In term of food and cuisine? We just have cuisines the same like Malays or Thais such as laksa, asam pedas, various kind of vermicelli and noodles, grilled meats, sambal belachan or nam phrik kahpi (shrimp paste sauce), ayer asam (tamarind juice sauce), ulam-ulam (fresh salad), nasik ulam (salad rice), kueh karas (Acheh), kueh kapit (Chinese), gulai (curry) and others. Nowadays, Tom Yum is quite popular too. I have to avoid all of these cuisines if they contain seafood especially when I am in ablution since my school of jurisprudence has changed about 6 years ago but most of my family members still enjoy seafood since they refuse to change the madzhab. Although we are Muslims, we also have to masuk Melayu and there is no camel here, hahaha.
There are few researches by scholars about this community in northern Malayan peninsula states such as by 'Abdur Razzaq Lubis in "Traders, Teachers, Pressmen, and Pilgrim Brokers: Penang Arabs in the Regional Network." We are not even close to mamak nasik kandaq, but maybe closer to Benggali jual karpet or manik koran since my paternal grandpa mother line is the same with them. I am not a fan of mamak food too. However, dad is a fan of mamak restaurant, kari kapla ikan (fish-head curry), kas kas (papaver somniferum), and 24/7 teh tarik. And the result, he is now affected by stroke, heart disease, or hypertension... modern lifestyle may sometimes affect health. He keeps going to the mamak's even now tak serik-serik admitted into the hospital and ordering teh tarik, how stubborn he is!
Other books for reference are like "The Hadrami Diaspora in South East Asia" by Ahmed Ibrahim Abu Shouk and Hassan Ahmed Ibrahim. Also in "Hadrami Traders, Scholars, and Statesmen in Indian Ocean, 1750s - 1960s" by Ulrike Freitag and W. G. Clarence Smith and in "Hadrami Arabs in Present-Day Indonesia: An Indonesia Oriented Group with Arab Signature," page 21 written by Frode Fadnes Jacobsen do mentions about Arabs diaspora and muwallad (peranakan) in Kedah.
We speak pure Kedahan dialect, to the extend that we can speak in Kedah Hulu dialect which sounds more to Patanese Malay dialect and not the northern Malay dialect spoken by Penangites. I had once being mistaken by a Kelantanese as one of their own when I shift to Kedah Hulu dialect talking with them.
Those who acted in Anak Mami movies are from Kedah and some are from other states. I think Mr. Razak Mohaideen should properly teach or asking his actors to do deep researches about Penangites Malay and its Muslim Indian peranakan communities before making the movie. I just can't stand when Northerners and Northern Peranakan communities being assumed as the same people. We are more polite compared to Penangites and we respect people regardless their status or racial background. I had experienced different things when dealing with Indian Muslims or Tamil speaking Muslims in Penang. The tele-movie that I think showing about 98% real Penangites' Muslim Peranakan cultural traits is Anak Mamak Menantu Mami starred by Wan Raja (Saiful Redzuan Abu Bakar), Azad Jazmin, and Faezah Elai and directed by Zulkifli Salleh Ghani. This tele-movie had also inspired me to travel around Georgetown when I am bored, hehehe.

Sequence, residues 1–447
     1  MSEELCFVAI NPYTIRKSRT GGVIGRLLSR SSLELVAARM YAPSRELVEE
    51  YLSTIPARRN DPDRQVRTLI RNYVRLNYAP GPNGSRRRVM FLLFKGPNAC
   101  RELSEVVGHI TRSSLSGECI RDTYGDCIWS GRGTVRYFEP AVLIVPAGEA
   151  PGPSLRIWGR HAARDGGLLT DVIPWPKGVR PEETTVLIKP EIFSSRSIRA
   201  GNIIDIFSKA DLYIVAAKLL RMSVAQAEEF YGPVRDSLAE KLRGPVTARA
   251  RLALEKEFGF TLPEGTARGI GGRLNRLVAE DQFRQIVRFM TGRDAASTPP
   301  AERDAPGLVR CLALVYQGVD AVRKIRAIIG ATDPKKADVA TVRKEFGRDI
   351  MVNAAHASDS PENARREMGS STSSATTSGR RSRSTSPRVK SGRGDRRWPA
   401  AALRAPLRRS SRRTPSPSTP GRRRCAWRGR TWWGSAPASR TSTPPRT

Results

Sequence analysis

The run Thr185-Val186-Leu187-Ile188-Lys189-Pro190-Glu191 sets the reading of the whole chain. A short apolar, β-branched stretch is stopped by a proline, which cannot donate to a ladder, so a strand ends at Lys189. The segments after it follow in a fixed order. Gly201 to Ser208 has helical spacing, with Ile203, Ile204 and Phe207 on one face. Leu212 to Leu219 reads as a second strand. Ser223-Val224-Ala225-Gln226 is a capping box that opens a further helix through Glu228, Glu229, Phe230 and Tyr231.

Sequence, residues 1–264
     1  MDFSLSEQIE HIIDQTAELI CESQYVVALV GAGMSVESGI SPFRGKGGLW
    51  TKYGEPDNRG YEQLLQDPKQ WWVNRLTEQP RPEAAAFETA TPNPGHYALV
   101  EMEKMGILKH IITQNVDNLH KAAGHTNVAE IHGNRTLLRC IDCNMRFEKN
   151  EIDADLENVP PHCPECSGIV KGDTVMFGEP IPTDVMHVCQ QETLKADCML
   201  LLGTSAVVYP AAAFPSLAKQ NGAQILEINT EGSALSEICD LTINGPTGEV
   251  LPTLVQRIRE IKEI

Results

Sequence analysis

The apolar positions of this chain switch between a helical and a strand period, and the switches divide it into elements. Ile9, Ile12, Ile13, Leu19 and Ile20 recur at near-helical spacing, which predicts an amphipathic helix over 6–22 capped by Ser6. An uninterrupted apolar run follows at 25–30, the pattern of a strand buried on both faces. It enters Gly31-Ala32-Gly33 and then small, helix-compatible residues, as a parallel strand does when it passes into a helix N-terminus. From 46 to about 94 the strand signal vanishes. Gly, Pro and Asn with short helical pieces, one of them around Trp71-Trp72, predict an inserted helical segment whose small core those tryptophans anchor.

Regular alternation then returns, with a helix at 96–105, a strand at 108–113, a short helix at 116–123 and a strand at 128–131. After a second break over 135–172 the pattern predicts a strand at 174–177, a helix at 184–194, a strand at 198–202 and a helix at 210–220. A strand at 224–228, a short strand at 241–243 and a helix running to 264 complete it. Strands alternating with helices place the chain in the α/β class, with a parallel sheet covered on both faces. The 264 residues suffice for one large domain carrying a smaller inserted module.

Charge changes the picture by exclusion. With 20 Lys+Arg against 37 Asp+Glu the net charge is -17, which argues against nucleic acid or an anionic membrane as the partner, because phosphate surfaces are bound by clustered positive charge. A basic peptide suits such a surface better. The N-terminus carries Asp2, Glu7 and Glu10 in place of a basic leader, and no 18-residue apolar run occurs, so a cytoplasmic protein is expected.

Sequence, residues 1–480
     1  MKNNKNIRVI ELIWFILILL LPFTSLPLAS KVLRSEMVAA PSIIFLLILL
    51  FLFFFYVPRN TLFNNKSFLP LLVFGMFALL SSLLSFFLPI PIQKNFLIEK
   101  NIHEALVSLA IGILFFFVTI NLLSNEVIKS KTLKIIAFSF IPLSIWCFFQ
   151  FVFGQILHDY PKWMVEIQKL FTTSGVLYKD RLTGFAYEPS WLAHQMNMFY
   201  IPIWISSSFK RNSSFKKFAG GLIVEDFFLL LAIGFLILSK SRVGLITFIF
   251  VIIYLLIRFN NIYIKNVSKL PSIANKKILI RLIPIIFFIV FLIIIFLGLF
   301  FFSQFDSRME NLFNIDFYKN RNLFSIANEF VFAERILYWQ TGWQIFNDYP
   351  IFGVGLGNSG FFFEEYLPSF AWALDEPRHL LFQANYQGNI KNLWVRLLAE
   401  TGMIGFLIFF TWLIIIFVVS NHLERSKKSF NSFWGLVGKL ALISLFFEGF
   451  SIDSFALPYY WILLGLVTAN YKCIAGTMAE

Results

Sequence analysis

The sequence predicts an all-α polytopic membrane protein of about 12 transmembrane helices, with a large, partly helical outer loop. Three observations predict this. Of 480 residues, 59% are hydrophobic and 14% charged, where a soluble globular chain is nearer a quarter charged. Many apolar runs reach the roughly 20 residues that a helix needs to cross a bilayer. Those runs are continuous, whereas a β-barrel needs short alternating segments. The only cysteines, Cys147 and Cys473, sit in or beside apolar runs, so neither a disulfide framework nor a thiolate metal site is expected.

My dad is a staunch supporter of bahasa Melayu and persuratan Melayu while our elders opposed the shift of Malay script from Jawi to Roman script during the time of Mr. Khir Johari. There is a mention in a small kitab which acts as a leaflet written in Classical Jawi Malay that we personally keep in our closet, saying that "we would rather die than losing our identity."
I had contacted the people in my grandfather first village. They had also advised me to contact Gujarat and Kerala province museums in India because those people had came to the village to inspect and collecting data at the 300 years old cemetery in the village in Ramadan about two or three years ago.
I thought that last time, I wanted to follow Tablighi fellow students to India due to that I actually wanted to track down the foot steps of ancestors in India where they were once based in there before coming to the sultanate of Kedah in 17th C and their spread around in Sumatera Island in Indonesia today.
I hope it is useful for beloved brothers and sisters especially who are also related to the Hadramis and the Arab muwallad (peranakan).
Sealed with prayers for peace, mercy, and love for brothers and sisters, amin!